In 4x12s with the Express, Glen Kuykendall has sort of established that early pre-rola vintage greenbacks are great with the Express. However, he will still use about 40 feet of patch cable to attenuate the highs. The M75 Scumbacks  from Southbay Ampworks are also highly regarded by many on the forum. 

The Liverpool (my main amp used mostly with p90s) is known to be even a little bit brighter, and many of us now days, have no desire to drag 4x12s with us to gigs, so that opens up the world of smaller 1x12s and 2x12 and open backs, etc. I haven't tried many brands of greenback clones, but I find the ones I've tried too thin sounding in any less than large closed cabs. In my little 2/3 back 1x12, I've been quite impressed with the ET-65. I use a WGS Veteran 30 with a Celestion G12H in my closed back 2x12, but I often find it too bright and directional. I think I am more an open-backed type of guy, but I need something with a strong low end to push me through on these smaller type cabs. I've been thinking of mixing the Retro 30 with the Reaper 55 for a 2x12 that sounds big, strong, smooth, thick, and tight, but I'd love your opinion. 

I really appreciate WGS attacking the awesome vintage sounding speakers at a great reasonable price, so maybe they should weigh in on what they have to offer to the really picky Trainwreck crowd. 

I think the ET-65 is the simple and obvious answer to most of the Dumble crowd, so probably not much need to go there.

 Thanks, Matt

Good Stuff Matt!  Here is my reply:

Yes, the ET-65 is the speaker in the WGS lineup that stands out when people need to beef up the bottom end, or tame down the top end.  The only problem is that, by itself, the ET65 can be a bit sterile and overly tight sounding.  That’s why we often suggest pairing it with a Vet 30 (or maybe a retro 30)... which is an extremely responsive and touch-sensitive speaker ... so that’s the 2-12 combo I would most recommend.  The Retro 30 / Reaper 55 combo you suggest would be a little bit more of a middle-of-the-road choice; the Reaper would not be as beefy as the ET65, and the Retro 30 not quite as nimble as the Vet 30.  That may be exactly what you want ... maybe not.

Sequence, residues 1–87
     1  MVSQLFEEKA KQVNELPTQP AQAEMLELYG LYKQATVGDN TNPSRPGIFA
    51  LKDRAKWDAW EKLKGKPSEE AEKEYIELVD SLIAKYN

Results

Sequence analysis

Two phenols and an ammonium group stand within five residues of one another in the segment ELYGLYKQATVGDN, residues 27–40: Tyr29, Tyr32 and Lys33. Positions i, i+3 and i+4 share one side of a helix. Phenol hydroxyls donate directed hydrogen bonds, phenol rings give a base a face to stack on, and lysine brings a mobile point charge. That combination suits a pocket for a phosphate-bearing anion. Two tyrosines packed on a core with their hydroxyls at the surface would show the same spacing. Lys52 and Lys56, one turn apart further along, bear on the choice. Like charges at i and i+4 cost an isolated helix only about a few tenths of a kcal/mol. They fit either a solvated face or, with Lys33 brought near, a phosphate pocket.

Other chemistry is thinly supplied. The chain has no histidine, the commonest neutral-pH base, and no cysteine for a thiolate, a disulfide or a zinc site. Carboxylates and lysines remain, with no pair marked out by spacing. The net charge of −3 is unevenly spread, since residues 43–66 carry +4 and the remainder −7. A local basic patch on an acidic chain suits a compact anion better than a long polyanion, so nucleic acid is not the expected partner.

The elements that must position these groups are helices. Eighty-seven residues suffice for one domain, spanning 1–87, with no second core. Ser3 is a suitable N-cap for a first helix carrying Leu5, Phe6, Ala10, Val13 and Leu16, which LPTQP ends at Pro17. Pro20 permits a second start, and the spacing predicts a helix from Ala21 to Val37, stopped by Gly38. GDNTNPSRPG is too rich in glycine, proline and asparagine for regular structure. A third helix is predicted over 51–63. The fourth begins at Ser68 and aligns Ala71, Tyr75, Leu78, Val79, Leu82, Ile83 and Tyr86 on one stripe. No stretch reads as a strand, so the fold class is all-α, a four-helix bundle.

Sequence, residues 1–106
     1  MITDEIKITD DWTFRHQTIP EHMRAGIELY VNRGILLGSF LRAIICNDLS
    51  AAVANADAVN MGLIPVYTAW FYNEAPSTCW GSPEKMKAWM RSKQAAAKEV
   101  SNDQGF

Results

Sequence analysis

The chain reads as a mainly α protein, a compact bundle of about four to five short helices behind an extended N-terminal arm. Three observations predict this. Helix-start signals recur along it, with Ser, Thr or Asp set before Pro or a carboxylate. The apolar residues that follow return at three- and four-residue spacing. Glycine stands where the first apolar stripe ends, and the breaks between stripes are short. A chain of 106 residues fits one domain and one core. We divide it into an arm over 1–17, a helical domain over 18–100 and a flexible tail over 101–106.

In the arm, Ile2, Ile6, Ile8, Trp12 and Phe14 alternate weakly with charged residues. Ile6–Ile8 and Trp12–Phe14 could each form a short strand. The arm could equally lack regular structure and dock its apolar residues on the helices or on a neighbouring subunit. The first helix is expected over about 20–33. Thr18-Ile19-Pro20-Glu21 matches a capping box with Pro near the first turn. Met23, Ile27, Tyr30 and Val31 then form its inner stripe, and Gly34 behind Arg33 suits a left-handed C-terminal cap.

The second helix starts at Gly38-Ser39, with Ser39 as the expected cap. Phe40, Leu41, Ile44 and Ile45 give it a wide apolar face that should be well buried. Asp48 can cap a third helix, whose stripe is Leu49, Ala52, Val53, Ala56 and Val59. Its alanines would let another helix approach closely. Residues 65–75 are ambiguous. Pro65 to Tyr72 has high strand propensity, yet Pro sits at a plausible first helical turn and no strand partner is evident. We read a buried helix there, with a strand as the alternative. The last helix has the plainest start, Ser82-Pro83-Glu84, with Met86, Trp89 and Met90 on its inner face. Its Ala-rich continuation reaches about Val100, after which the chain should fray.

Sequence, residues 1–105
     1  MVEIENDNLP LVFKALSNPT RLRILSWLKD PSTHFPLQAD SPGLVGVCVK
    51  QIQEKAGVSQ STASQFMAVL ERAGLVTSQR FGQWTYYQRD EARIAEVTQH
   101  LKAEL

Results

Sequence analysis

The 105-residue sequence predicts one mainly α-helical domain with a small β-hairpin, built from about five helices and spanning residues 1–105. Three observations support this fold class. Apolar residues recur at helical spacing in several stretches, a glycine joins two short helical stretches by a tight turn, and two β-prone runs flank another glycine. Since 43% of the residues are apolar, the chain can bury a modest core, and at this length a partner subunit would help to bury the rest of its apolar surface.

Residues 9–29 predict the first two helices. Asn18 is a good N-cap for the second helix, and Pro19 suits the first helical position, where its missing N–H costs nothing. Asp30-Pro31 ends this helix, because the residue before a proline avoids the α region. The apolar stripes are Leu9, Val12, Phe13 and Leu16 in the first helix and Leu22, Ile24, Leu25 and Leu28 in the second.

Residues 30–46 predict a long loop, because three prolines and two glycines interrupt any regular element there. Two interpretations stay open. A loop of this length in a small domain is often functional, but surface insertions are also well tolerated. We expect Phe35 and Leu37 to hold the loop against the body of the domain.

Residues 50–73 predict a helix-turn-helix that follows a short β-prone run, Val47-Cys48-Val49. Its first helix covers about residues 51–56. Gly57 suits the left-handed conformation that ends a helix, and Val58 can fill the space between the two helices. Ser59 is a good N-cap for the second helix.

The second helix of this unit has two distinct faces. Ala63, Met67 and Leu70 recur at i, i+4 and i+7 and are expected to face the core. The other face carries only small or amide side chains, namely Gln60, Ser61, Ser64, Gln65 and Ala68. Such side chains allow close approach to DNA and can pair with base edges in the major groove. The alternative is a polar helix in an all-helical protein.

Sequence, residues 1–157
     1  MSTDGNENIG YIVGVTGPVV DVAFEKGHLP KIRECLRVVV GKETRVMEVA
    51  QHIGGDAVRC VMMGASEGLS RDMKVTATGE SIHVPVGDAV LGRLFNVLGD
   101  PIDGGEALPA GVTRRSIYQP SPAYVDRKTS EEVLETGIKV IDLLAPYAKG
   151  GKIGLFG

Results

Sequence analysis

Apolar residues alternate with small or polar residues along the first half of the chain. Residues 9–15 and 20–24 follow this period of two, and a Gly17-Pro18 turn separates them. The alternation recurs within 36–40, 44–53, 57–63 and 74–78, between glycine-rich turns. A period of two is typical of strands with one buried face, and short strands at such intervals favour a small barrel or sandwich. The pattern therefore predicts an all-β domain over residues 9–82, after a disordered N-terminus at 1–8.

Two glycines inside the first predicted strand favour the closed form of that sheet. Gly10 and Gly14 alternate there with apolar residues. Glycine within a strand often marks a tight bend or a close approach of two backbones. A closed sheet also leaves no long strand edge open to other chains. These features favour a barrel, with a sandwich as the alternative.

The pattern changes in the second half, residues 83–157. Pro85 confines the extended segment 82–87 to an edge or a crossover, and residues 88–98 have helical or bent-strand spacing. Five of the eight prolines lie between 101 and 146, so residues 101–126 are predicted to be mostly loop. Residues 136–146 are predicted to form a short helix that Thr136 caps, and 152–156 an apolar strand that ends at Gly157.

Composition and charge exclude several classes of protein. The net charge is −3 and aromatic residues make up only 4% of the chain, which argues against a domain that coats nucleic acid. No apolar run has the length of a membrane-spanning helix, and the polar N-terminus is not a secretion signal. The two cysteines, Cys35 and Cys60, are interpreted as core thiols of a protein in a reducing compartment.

I know this may sound a little outta left-field, but ... Another interesting idea would be a single 15 open-back cab with the G15 in it -  Alnico version if you can swing it.  The WGS 15’s are really impressive in every way imaginable.  It would be a good fit with the Liverpool as it would sound very big and three-dimensional.  The G15 has a particularly pleasant top end, especially the Alnico version, that would work well with either the Liverpool or Express designs.  Food for thought.

And now ... drum roll please, how did things work out for Matt?  Well ...

Thanks Vaughn,

That is quite interesting because you suggested the two WGS speakers that I have right now, but have never tried together. I had a Celestion G12H in a closed back 2x12 with a Veteran 30. So, after your suggestion, I swapped the ET-65 that I had in a 1x12 for the G12H, and now I really like the sound of that 2x12 with my Liverpool. It added just enough thickness to the sound and slightly tamed the highs. So, ya, thanks.

If  had unlimited resources, I would love to try the Alnico G15 in my 1x15 cab, but right now I have a new Eminence Big Ben in it. Not liking the Ben too much (Seems the treble is much too harsh all the time, but maybe it needs breaking in).

Anyways, I just wanted to say thanks for the advice. If I get another 2x12 going, I'll be looking to WGS for the perfect speakers.


Okay gang, that’s all I got for now.  Matt, I sure hope you can get a chance to try the G15 in your 1-15 cab, I’m sure the Big Ben will still be fairly useful as a boat anchor.  Okay, I know that was a cheap shot, but those things sound awful!  I’m full of myself tonight; maybe I’d better wrap-up this blog.  Hope you all enjoyed, and ya all come back now.

Until next time,  -Vaughn-